I can think of plenty of times over the years that the excitement for the release of an iOS game has been palpable, and the wait for Death Road to Canada [$7.99] ranks right up there near the top. Ever since its initial announcement back in August of 2013, mobile gamers have been dying to take a road trip from Florida to Canada in the hopes of surviving and escaping the zombie apocalypse. Since then the game has actually launched on Steam and the reception there has been extremely positive from those who have played it. While it might have felt like mobile gamers were left out in the cold, the desktop launch of Death Road was actually a good thing as developers Rocketcat Games and Madgarden were able to squash a ton of initial bugs as well as add in tons of extra content, all of which has made it to the mobile release today. ..

There's something about a first-person dungeon crawler that just pulls me in and tugs at my brain. They're a nice contrast from the more talkative RPGs, which often involve intricate stories with large casts of characters. A dungeon crawling RPG will generally have a handful of NPCs, if that. Most of the time, it's just you and a big dungeon that you have to conquer one small piece at a time. Filling out a map, watching the floor count go up, raising your party to the point that earlier challenges are trivial, and finding hidden secrets are about as straightforward as markers of progress get, but somehow it still works for me every time. Whether or not you get into Crescent Moon's latest publishing effort, The Deep Paths [$3.99], is going to depend on whether you share that particular quirk with me or not. It's not the sort of game that is going to convince anyone who isn't already predisposed, but those who like to live their gaming life one uniform-length step at a time should be satisfied...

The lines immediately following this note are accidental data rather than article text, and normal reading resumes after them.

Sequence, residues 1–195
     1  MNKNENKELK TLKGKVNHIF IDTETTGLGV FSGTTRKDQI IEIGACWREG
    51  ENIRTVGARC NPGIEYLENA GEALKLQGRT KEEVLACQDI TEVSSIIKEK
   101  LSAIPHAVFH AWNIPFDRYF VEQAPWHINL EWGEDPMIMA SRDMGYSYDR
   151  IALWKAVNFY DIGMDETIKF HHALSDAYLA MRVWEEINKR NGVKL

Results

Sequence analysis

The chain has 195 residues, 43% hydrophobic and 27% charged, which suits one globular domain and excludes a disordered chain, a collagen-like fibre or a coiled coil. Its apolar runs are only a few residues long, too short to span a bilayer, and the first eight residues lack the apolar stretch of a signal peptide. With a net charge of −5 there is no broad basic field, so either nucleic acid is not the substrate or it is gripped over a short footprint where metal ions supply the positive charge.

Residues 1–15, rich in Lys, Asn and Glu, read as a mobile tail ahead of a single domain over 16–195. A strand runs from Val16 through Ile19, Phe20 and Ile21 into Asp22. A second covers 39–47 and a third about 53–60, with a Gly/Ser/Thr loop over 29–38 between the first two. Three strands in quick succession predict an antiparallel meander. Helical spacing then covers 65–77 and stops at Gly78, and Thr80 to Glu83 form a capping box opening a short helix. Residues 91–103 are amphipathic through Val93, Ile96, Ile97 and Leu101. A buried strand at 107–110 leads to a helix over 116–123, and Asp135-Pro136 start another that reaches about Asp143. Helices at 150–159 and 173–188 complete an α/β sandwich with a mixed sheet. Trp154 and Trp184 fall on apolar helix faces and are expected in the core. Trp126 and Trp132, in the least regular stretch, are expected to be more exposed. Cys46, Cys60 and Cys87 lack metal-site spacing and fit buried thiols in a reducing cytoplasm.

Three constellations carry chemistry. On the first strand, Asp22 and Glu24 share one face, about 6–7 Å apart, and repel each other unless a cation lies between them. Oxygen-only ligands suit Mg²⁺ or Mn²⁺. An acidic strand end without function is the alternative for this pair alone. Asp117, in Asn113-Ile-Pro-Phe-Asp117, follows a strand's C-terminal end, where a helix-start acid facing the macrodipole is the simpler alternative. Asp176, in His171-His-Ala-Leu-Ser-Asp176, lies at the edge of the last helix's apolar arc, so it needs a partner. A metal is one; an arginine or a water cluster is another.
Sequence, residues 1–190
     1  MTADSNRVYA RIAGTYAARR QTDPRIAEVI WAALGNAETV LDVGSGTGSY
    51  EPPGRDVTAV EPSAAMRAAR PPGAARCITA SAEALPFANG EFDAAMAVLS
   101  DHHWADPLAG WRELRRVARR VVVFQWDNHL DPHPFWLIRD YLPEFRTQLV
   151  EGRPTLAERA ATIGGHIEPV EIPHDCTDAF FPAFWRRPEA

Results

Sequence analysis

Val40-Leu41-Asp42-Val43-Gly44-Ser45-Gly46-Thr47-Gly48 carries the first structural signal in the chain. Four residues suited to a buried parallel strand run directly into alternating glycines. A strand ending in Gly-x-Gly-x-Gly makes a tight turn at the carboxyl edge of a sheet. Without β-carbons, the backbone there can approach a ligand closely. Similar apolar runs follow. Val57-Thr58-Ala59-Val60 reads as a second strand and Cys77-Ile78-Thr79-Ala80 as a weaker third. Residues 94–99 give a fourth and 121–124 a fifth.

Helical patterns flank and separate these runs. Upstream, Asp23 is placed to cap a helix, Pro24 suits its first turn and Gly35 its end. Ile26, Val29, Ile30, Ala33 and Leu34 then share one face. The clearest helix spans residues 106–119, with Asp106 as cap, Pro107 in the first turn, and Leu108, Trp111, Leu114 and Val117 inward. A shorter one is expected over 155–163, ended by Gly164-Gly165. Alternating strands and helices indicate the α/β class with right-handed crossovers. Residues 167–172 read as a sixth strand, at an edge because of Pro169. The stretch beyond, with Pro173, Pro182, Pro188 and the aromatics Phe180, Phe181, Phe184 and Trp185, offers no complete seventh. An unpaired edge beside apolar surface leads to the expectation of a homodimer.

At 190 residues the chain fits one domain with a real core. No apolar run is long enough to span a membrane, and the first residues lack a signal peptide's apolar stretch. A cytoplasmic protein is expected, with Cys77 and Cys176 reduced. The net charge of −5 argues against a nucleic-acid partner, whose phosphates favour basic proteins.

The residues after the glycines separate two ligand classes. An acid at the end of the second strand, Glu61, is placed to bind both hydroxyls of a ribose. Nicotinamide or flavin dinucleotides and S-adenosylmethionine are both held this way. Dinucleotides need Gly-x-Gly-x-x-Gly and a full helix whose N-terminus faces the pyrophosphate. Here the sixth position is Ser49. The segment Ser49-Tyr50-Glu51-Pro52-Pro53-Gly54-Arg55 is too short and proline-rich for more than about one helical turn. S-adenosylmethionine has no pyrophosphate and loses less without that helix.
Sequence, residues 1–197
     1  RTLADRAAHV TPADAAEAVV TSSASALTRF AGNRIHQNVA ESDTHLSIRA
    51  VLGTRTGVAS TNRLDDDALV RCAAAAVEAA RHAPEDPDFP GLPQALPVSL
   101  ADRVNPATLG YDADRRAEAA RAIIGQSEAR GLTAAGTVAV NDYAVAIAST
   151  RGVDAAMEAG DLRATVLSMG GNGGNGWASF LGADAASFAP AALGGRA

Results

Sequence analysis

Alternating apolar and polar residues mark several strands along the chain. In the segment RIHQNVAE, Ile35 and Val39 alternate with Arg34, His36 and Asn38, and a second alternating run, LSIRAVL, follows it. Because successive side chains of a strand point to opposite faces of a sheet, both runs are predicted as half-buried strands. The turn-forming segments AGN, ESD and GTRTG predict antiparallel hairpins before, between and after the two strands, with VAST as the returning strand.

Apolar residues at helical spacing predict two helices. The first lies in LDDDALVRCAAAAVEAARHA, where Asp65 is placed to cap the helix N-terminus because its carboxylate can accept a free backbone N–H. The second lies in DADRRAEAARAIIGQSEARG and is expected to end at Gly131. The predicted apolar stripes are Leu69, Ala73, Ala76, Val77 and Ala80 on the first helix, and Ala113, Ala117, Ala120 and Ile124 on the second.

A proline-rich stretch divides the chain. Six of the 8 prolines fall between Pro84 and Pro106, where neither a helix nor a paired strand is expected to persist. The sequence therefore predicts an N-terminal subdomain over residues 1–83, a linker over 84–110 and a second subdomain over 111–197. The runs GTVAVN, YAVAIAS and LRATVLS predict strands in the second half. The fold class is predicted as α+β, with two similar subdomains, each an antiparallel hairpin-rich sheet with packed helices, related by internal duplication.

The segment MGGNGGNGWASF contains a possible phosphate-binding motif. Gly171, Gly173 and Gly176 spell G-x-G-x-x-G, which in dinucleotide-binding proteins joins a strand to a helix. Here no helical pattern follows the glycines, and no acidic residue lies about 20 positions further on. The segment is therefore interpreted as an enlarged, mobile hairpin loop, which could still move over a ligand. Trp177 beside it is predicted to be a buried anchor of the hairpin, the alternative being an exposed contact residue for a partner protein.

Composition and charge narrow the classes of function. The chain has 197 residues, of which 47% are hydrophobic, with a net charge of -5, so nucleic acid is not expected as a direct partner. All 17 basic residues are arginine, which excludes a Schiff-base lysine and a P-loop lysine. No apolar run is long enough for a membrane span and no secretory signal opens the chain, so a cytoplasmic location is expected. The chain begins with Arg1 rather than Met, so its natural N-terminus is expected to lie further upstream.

'The Big Journey' Review - This Platformer is Near Purrfect

Folks, we’re in the middle of something of a feline renaissance of late, what with the recent release of an amazing kitten rhythm title and the future release of an RPG that lets you play as a cat (among other games). Meanwhile, The Big Journey  [$1.99] from Catfishbox and Armor Games is the latest platformer starring a cast of cuddly fat cats.Thankfully, The Big Journey does justice to our cat overlords with an excellent soundtrack, gorgeous visuals and gameplay that offers something for every type of gamer...